Google's $2.1 billion Fitbit acquisition is a major privacy risk, Europe data body warns

Google's $2.1 billion Fitbit acquisition is a major privacy risk, Europe data body warns
Fitbit Google

REUTERS/Dado Ruvic/File Photo


Google announced it was buying Fitbit for $2.1 billion in November 2019.

  • Google said it would acquire Fitbit for $2.1 billion in November 2019.
  • But regulators might put the acquisition on ice over privacy concerns.
  • The European Data Protection Board (EDPB), which advises the European Commission on data protection law, says it's worried about the massive tech firm accumulating yet more personal data.
  • Google is already under investigation by the EU for how it collects user data, and the US Department of Justice is separately investigating the Fitbit acquisition.
  • Visit Business Insider's homepage for more stories.

Google's acquisition of wearables company Fitbit could be under threat from the EU.

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Google announced its acquisition of Fitbit for $2.1 billion in November 2019, marking a serious entry into the wearables market, currently dominated by Apple.

The European Data Protection Board (EDPB) issued a statement on Thursday voicing concerns over the prospective deal. It cited, in particular, the strict privacy rules that govern European users' online information, known as the GDPR.


"There are concerns that the possible further combination and accumulation of sensitive personal data regarding people in Europe by a major tech company could entail a high level of risk to the fundamental rights to privacy and to the protection of personal data," the EDPB said in its statement, as first spotted by TechCrunch.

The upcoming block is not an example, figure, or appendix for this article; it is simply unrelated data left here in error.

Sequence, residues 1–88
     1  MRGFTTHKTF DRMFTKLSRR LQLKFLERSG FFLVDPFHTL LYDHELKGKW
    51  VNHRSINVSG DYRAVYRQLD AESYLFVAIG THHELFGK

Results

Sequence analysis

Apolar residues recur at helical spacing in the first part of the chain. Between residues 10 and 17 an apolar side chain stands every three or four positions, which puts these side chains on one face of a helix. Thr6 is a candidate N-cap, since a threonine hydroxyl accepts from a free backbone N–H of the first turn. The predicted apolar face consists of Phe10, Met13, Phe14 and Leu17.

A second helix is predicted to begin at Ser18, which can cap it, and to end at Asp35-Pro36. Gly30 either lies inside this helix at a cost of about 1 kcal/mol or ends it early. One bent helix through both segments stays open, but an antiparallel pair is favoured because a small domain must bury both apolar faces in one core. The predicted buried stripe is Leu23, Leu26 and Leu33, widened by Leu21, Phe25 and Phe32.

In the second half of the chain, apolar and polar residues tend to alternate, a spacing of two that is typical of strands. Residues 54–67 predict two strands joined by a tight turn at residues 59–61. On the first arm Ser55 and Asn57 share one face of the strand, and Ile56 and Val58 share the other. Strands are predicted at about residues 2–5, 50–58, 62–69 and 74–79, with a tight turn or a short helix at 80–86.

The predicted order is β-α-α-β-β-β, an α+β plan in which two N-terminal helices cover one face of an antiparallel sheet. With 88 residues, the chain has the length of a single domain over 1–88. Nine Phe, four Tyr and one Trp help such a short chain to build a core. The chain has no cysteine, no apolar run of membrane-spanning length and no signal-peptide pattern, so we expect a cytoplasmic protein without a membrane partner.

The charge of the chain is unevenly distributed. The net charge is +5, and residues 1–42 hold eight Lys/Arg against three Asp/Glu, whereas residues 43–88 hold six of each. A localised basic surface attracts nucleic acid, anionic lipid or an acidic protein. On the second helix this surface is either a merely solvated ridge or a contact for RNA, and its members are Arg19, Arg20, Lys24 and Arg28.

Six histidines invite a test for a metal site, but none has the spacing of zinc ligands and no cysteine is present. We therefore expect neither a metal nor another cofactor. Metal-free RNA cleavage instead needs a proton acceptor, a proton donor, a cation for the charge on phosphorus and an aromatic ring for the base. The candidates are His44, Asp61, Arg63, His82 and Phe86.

"The EDPB reminds the parties to the proposed merger of their obligations under the GDPR and to conduct a full assessment of the data protection requirements and privacy implications of the merger in a transparent way. The Board urges the parties to mitigate possible risks to the rights to privacy and data protection before notifying the merger to the European Commission," it added.

The EDPB is an independent body to the European Commission, the EU's antitrust regulator, but advises on applying data protection law.

In response to the EDPB's statement, a Google spokesman told Business Insider:

"We are acquiring Fitbit to help us develop devices in the highly competitive wearables space and the deal is subject to the usual regulatory approvals. Protecting peoples' information is core to what we do, and we will continue to work constructively with regulators to answer their questions."


A spokesperson for the European Commission told TechCrunch Google and Fitbit are yet to formally notify the regulator of the merger.

The tech giant is already the subject of an EU antitrust investigation into how it amasses and leverages user data, while back in the US the Department of Justice is also investigating Google's purchase of Fitbit.

Get the latest Fitbit stock price here.

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